Appreciating The Blessings of Nature

PhotobucketMy wife and I “own” four acres of land (the bank thinks they own it, though it really belongs to Krishna) in the foothills of North Carolina. It is near to Hanging Rock State Park (one hour north of Winston-Salem).

This country area is quite beautiful, the peaceful environment conducive for spiritual practice. After living in the suburbs of Baltimore for 14 years, an unbelievable opulence is having all spiritually minded devotee neighbors.

Sometimes I go down to the bottom of our land and chant, read or just commune with nature. Here is a poem I wrote during one such occasion:

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Idyllic spot at
the bottom of our land;
sitting by the creek hearing
the sounds of wind and birds.

The deep and light green
of the forest,
the rich smell of earth
after days of rain.

Coming here nourishes an
unused part of me,
my intuitive nature and
need to commune with the earth.

Even though this land
was cleared many years ago,
still many large trees remain
which give joy to my psyche.

These large old growth trees
are “real trees” to me,
which are priceless being
here hundreds of years.

I come here occasionally
if I have chanting on
my beads (japa) to do at midday
and I have the extra time.

I day dream of making
a secret discovery of treasure,
finding a clue to Vedic culture,
or talking to nature spirits.

I am always at the center
of my wandering mind,
very far from being absorbed
in Krishna’s pastimes (lila).

I, me, and mine
are still often my focus,
the enjoying propensity,
secondarily offering it to Krishna.

Something is better than nothing
yet the goal of chanting
is to love Krishna, free from false ego
and identify his purpose as my own.

At present I can only
read about or pray to obtain it,
while I honestly feel it will be lifetimes
to revive my eternal serving nature.

As I write flies
buzz around my head,
and the light frequently changes
as the sun goes behind clouds.

I am grateful that Krishna has
provided me such a beautiful place
to chant, write, pray, and think
how merciful God is to me!
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Accepting a Guru—irrelevant old custom, or timeless necessity?

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Once a year we observe the “birthday” celebration (or appearance day as we say, since there is no birth or death for the soul) of Shrila Prabhupada, the founder/acharya of ISKCON.

The appearance day of the Guru is called, Vyasa-puja, or the worship of the representative of Vyasadeva. Vyasa is considered an empowered incarnation of God, who compiled the Vedic literature for this current age of Kali.

Traditionally disciples write homages to their guru on the Vyasa-puja day to help them remember their debt of gratitude for their guru for giving them the gift of Krishna consciousness. I thought I would share my offering to Shrila Prabhupada, as I wrote it for another blog, with the idea of exploring some of the misconceptions about what having a guru means. In that sense it is not a traditional type offering.

I am just starting to practice writing in free verse, because it helps me to be briefer. The Chaitanya Charitamrita states:” Essential truth spoken concisely is true eloquence.” I am not claiming any eloquence here. It is an idea I am striving for.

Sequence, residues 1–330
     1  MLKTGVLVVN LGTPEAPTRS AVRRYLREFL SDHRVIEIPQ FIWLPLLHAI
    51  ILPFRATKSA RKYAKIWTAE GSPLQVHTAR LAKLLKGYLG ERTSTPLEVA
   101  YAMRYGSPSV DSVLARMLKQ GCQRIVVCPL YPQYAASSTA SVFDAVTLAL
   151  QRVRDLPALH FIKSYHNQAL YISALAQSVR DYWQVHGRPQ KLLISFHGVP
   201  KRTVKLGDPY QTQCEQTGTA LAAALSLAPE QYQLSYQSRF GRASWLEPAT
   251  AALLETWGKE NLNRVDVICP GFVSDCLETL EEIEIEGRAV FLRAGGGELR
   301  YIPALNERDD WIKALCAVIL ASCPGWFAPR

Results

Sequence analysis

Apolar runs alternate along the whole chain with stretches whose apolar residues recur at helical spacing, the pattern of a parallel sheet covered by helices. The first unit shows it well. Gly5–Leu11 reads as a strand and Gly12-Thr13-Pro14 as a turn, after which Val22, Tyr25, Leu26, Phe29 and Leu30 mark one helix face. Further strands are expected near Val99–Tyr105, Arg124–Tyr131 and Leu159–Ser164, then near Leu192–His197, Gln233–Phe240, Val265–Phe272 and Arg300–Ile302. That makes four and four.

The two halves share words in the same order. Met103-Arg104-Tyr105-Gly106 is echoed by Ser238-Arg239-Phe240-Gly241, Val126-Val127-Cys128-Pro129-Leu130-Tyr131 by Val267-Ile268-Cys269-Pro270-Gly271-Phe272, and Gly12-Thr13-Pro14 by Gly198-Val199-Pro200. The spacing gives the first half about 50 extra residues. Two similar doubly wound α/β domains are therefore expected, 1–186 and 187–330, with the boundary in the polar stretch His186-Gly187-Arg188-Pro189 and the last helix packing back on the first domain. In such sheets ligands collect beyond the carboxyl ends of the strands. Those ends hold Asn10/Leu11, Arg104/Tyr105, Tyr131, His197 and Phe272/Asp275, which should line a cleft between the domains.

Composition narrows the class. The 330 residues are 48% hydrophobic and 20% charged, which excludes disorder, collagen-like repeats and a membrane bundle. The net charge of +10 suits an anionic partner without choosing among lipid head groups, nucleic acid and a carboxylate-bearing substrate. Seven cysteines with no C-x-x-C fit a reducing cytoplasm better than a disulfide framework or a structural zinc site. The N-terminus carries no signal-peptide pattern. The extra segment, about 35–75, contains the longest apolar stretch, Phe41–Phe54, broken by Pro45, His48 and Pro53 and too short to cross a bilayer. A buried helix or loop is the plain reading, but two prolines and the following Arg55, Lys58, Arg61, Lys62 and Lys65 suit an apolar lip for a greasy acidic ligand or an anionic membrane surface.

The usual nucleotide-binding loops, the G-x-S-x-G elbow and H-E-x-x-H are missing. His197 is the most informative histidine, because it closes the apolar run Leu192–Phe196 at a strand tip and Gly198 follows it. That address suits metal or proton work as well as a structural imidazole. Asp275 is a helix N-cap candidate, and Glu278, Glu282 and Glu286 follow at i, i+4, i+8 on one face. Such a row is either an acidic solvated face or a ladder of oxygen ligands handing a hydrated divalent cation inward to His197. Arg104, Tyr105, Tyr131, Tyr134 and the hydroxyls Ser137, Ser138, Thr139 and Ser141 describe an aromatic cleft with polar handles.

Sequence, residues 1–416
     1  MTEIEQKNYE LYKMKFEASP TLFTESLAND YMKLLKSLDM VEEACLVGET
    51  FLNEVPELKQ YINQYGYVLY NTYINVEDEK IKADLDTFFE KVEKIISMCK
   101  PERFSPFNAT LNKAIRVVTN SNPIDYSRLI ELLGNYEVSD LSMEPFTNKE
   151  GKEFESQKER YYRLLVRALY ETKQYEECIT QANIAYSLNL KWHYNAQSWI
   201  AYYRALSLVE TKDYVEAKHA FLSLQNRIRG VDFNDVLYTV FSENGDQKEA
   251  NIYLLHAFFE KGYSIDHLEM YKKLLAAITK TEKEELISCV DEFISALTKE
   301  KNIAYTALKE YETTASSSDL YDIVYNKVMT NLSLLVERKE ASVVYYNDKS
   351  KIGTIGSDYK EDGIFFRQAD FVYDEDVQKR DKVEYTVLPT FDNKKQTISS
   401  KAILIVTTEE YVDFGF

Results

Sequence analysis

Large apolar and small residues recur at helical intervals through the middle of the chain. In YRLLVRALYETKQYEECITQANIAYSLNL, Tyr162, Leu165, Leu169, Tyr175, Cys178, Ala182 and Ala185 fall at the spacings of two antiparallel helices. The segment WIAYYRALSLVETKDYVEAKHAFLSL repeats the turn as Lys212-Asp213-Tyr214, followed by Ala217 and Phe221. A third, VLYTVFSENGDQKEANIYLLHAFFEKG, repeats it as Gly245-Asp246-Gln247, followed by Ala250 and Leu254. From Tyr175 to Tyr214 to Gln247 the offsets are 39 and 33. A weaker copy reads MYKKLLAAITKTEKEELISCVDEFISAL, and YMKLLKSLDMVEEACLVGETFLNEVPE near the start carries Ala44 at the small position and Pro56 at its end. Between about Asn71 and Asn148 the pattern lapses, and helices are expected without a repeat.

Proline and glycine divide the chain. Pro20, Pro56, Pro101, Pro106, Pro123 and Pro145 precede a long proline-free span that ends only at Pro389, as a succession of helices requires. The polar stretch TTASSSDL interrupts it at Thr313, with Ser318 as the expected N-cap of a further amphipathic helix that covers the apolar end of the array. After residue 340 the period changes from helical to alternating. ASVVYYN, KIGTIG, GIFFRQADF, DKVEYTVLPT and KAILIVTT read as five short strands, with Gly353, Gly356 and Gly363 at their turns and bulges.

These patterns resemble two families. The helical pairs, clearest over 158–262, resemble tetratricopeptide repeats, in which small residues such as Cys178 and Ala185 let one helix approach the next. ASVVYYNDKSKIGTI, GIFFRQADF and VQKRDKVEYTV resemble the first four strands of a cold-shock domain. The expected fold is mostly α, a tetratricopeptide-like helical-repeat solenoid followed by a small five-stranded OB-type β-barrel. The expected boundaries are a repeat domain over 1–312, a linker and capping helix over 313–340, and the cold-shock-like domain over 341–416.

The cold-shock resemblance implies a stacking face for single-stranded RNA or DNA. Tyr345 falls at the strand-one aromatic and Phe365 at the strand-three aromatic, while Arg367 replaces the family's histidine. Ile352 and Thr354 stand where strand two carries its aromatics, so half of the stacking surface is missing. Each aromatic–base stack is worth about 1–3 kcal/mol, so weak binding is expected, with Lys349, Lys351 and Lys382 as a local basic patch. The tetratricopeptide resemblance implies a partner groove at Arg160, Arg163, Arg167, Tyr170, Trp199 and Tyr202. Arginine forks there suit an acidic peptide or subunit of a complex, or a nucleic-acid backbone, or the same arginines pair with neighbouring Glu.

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In a small rural area in North Carolina,
an American born Gaudiya Vaishnava
prepares to observe the “birthday” anniversary
or “appearance” day of his Guru.

The meaning of guru is difficult to understand
even for those who have one; what to speak of
in the West, the place of the rugged individualist,
where having a guru is foreign idea.

Though having a teacher or mentor is acceptable,
honoring or giving homage to a guru is suspect.
At the time of the American Revolution, the rebelling
colonists said that they would not bow down to any man.

Many people falsely think that having a religion is a crutch
for people who can’t face the naked truth of life,
or having a guru is for people who are weak
and can’t think for themselves.

Actually having a guru is for people
who want to think more deeply about
subjects which most ignore, like death,
disease, old age, suffering, evil, and God.

Outsiders conjecture, accepting a guru’s blind conformity,
yet actually it’s a challenge to the status quo
of being an exploiter of the world, by reviving a natural life
of giving, fostering peace, love, lasting happiness.

It is not an outdated tradition
but a system of apprenticeship where
one hears realizations beyond spiritual theory
and sees it practiced, inspiring one to follow.

In any arena we tend to become like
the people we are with; and when
we spend time with those who are more
spiritually advanced, our hearts are changed.

In history we see that even great gurus have
their guru, as do incarnations of God. They
teach by example the importance of having
good guidance, and the power of saintly association.

It takes real humility and honesty
to realize the insignificant
nature of our existence in
this vast universe and tiny planet.

Accepting a guru is meant to help one
develop real humility by assisting him
and accepting service to Krishna
according to his guidance.

Whereas the scripture is considered
the “passive” agent of Divinity,
the guru is the “active” agent because
he gives us feedback, while the scripture does not.

The ultimate evidence for the value of
anything is one’s direct experience, so
you will only appreciate the value of having
a guru if you have an urgency for guidance.

My life has been so blessed by
accepting my Guru, Shrila Prabhupada
giving me a spiritual foundation for living,
a way of deep, yet practical thinking.

So I have this great experience,
being satisfied in the world,
endeavoring to be a balanced person,
while dedicating my life for God.